GBARNGA, Oct.4 (LINA) – The Ministry of Justice (MoJ) has embarked on a nationwide consultation to formulate a new Alternative Dispute Resolution (ADR) national policy.
Making the disclosure in Gbarnga recently following a regional consultation dialogue with citizens from several counties, Assistant Justice Minister for Administration and Public Safety, Eric Noah Toe, said the Ministry is gathering the views of citizens in order to formulate a new national policy that will be adopted and subsequently passed into law.
According to Minister Toe, when formulated, the policy will further assist the judicial system, including the Ministry of Justice, to adequately adjudicate criminal cases across the country.
The MoJ Senior Staff, however, noted that the initiative is not meant to condemn or undermine the formal justice system, but to have what he termed as « an alternative » to the justice system.
He noted that if formulated the ADR Mechanism will help in resolving many issues, including overcrowding of prisons across the country and the slow pace of hearing of criminal cases due to the short- term of court.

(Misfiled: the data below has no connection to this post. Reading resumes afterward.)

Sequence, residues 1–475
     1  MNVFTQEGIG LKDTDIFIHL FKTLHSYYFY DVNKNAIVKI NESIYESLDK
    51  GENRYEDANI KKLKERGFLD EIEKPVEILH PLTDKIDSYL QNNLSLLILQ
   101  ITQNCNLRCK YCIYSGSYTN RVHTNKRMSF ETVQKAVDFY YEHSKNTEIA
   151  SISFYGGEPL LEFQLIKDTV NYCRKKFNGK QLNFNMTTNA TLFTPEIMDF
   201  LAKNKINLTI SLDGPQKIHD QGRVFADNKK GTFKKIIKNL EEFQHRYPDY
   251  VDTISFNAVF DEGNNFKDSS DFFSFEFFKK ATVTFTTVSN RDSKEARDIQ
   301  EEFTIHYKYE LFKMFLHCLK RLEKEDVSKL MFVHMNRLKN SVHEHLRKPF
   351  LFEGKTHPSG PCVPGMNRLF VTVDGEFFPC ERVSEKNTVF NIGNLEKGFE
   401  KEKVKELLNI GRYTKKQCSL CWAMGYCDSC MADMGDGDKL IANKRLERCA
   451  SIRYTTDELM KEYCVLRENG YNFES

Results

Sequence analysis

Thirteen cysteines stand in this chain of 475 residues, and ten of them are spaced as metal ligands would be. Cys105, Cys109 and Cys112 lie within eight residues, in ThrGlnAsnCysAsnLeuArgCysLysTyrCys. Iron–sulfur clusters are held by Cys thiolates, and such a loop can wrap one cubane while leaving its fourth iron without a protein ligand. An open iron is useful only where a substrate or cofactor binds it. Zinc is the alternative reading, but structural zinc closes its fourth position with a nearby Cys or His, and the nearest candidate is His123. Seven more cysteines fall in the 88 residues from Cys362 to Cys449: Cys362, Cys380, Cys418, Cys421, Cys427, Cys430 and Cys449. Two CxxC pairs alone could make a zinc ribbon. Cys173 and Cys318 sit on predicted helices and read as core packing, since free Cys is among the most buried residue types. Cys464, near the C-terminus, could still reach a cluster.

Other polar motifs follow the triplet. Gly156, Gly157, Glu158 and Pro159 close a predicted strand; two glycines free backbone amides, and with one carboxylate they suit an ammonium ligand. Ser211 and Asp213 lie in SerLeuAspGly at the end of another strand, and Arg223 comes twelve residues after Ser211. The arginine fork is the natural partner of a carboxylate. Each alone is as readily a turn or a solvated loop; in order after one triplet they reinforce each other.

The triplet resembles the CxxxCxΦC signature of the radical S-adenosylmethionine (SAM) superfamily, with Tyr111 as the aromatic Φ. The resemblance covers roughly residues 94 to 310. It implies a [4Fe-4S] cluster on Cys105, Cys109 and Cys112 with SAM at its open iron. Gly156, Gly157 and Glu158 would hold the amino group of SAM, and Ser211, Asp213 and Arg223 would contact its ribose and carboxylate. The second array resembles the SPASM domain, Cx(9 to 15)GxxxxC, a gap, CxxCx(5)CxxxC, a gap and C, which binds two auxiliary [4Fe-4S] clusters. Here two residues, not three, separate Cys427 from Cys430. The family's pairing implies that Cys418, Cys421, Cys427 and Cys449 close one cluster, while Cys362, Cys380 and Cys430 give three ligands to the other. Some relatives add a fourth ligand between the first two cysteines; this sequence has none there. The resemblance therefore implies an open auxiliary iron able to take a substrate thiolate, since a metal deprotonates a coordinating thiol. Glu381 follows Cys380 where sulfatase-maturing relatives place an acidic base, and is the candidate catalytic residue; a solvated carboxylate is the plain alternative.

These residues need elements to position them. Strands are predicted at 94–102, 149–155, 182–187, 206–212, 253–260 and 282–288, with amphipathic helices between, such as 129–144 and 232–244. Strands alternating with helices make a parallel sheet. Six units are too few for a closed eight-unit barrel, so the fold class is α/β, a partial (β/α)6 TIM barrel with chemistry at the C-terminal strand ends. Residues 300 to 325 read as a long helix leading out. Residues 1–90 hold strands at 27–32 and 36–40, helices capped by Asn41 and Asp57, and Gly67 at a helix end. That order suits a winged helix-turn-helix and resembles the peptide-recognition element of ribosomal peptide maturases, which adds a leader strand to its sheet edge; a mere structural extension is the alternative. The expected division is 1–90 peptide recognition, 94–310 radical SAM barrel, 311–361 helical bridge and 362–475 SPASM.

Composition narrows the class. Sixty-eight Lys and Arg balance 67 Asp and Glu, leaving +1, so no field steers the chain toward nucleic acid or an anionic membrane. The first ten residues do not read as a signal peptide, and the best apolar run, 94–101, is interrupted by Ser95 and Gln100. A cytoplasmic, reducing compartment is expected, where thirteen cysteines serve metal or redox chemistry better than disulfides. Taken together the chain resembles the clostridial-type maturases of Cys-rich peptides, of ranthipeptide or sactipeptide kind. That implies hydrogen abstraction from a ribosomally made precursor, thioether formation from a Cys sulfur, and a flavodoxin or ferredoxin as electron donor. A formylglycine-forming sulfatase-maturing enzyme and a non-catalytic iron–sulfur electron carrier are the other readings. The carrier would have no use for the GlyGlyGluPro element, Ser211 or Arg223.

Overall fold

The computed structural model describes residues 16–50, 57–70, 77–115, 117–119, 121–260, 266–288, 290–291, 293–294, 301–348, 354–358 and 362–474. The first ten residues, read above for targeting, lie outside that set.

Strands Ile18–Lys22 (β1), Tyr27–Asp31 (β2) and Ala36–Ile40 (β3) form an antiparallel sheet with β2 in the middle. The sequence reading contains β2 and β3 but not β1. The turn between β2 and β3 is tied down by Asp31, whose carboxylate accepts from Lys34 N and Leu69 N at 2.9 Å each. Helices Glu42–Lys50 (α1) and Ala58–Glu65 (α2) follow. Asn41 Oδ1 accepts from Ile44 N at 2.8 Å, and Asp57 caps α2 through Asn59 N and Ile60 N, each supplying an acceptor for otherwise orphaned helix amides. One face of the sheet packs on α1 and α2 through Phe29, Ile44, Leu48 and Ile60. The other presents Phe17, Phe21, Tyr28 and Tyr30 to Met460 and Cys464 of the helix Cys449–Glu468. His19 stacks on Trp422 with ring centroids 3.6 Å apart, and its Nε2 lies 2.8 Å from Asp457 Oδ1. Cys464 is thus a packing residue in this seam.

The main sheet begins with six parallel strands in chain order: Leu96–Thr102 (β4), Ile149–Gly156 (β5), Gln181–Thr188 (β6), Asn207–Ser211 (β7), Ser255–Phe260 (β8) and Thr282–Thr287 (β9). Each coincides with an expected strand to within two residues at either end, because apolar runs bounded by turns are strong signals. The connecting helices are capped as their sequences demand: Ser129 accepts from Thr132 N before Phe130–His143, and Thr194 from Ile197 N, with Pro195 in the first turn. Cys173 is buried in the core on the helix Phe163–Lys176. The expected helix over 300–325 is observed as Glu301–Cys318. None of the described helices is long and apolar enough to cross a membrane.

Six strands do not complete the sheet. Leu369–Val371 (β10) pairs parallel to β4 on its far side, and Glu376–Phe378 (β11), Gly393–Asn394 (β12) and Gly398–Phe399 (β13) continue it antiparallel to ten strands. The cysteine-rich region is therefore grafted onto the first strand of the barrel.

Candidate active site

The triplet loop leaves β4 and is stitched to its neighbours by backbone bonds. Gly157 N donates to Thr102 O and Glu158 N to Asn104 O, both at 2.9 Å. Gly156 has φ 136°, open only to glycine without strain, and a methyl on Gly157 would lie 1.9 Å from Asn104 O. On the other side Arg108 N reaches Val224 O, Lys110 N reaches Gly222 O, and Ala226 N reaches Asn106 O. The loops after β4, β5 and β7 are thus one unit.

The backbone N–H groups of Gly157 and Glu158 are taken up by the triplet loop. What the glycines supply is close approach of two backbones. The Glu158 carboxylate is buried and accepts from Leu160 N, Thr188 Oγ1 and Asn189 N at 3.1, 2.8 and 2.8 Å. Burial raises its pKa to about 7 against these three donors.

Minister Toe asserted that it is prudent to generate views from the people so that when the national document is adopted and subsequently passed into law, inhabitants of the country will have a sense of ownership by their participation in the new law, especially those at the grassroots level.
« Government through the Judicial System is committed to improving the justice system of the country, » he noted, and described the ADR as « a 0revitalization mechanism » that people will use in seeking redress to issues relating to the justice system.
Meanwhile, Assistant Minister Toe has lauded both local and international partners, including the Carter Center and United Nations Development Program (UNDP), for their continuous support to the Liberian Government, and called on them to continue assisting the Government in its many developmental initiatives across the country.
The Alternative Dispute Resolution was introduced in the country’s Judicial System in 2010 by the US State Department to further empower the System in mitigating disputes in communities, but the program that has this year formally scaled down across the country, thereby leaving the concept and application in the hands of the Liberian people to take responsibility of their Judicial System.